Pasta e ceci, pronounced pasta eh cheh-chee, is a traditional Italian dinner of pasta with chickpeas, rosemary, and vegetables. This weeknight-friendly recipe is the best kind of comfort food—nourishing and cozy.
Pasta e ceci has become popular in recent years but it’s been a favorite of mine ever since I was a young child, and my own kids love it too! My version stars ditalini (small tube) pasta, plus nutrient-rich chickpeas, carrots, celery, tomato, and lots of fresh rosemary. We love to enjoy it as a one-dish dinner. Or, we pair it with a colorful Caprese salad or Lemon Parmesan Lettuce Salad depending on the season.
This pasta with chickpeas recipe hails from Rome and southern Italy, where chickpeas grow in abundance. My mother, who was from Abruzzo on Italy’s Adriatic coast, made pasta e ceci often for a quick and nutritious weeknight dinner. It’s vegetarian, full of hearty flavor, and packed with an abundance of vegetables.
Pasta e ceci is one of those accommodating recipes that you can vary according to your own taste. I like ditalini pasta’s small size as it’s the perfect shape for scooping up into a spoon, but any short and sturdy pasta works.
I love to add loads of finely chopped fresh rosemary, like my mom did. But you can substitute any fresh assertive herb, such as parsley, sage or even mint. Use more broth for soupy pasta e ceci, less for a denser version.
Table of Contents
Pasta e Ceci Ingredients
This pasta with chickpeas recipe uses humble ingredients to make a dish that’s hearty, comforting, and nutritious. Here’s what you’ll need:
- Chickpeas: Canned chickpeas are convenient and can certainly be used, but your pasta e ceci will have more flavor and texture if you cook your own.
- Olive oil: I use a generous glug of high-quality, medium-intensity extra-virgin olive oil, like our Italian Nocellara, to start the soup and gently sauté the vegetables. At serving time, I drizzle a thread of robust olive oil, like our Spanish Hojiblanca, over each serving.
- Aromatics: Garlic, rosemary, and a small hot pepper or pinch of red pepper flakes—either works. These aromatics really boost the flavor of the soup, and they pair well with the mild, nutty flavor of chickpeas. Salt enhances the flavor.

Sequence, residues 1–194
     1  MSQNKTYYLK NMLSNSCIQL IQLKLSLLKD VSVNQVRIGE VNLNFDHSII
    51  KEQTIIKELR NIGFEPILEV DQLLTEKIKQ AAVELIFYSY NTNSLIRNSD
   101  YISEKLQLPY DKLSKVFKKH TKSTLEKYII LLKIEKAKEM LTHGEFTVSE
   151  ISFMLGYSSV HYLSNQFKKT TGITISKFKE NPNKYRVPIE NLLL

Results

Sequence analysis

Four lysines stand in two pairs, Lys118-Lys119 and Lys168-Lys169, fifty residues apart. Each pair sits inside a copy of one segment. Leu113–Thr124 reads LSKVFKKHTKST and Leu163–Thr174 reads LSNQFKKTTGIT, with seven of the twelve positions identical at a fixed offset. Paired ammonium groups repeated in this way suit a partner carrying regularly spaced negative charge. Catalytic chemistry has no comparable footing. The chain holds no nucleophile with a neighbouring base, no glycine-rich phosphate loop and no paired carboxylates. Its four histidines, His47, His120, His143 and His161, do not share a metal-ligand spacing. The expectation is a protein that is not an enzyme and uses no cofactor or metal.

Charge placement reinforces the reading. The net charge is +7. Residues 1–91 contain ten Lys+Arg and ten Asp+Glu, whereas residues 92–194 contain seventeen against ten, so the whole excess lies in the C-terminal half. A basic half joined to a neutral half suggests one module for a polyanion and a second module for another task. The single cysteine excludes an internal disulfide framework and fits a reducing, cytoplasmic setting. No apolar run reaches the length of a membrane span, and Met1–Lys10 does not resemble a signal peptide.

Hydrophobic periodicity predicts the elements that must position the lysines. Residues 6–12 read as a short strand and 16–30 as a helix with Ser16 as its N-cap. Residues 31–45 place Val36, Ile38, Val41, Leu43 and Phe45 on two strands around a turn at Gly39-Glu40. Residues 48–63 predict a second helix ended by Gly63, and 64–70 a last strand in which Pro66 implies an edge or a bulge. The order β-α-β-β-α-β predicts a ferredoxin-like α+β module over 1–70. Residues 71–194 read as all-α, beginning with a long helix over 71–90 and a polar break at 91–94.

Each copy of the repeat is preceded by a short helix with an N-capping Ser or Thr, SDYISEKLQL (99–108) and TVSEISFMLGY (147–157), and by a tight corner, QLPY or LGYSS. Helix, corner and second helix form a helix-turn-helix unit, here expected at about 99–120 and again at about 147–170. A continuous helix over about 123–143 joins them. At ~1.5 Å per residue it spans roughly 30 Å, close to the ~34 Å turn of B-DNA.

- Vegetables: Carrot, celery, and onion are the so-called “holy trinity” of many Italian soup and stew recipes.
- Tomatoes: Chopped or finely diced canned tomatoes add depth and a hit of acidity.
- Water or broth: I use water or vegetable broth for this soup, but chicken broth also works.
- Parmesan rind: I save all my Parmigiano-Reggiano cheese rinds in a container in the freezer. It’s an umami flavor bomb that brings all the other flavors together.
- Pasta: I like to use ditalini, which translates to “little fingers.” A small tubular pasta with a hollow center, it’s easy to spoon up and appeals to both kids and adults—at least this adult!
How to Make Pasta with Chickpeas
Pasta e ceci is simple to make and it comes together quickly, especially if you have cooked chickpeas on hand. Here are the steps:
- Prepare the chickpeas. If you’re starting with dried chickpeas, follow the instructions here—I use the quick-soak method. You’ll need 2 cups cooked chickpeas for this recipe or one 15-ounce can. If you're using canned chickpeas, strain them over a bowl to reserve both the chickpeas and their liquid.
- Sauté the vegetables and aromatics. Meanwhile, finely chop the carrot, celery, and onion and cook them in olive oil, along with a crushed garlic clove, until softened. Stir in finely chopped fresh rosemary and a pinch of hot pepper.
- Add the tomatoes and chickpeas. Stir in 1 cup of tomato passata and the chickpeas, plus a ladleful of water, broth, or chickpea cooking liquid. If you want to thicken the broth a bit, set aside ½ cup chickpeas and purée them with a splash of their cooking liquid and pour this into the soup.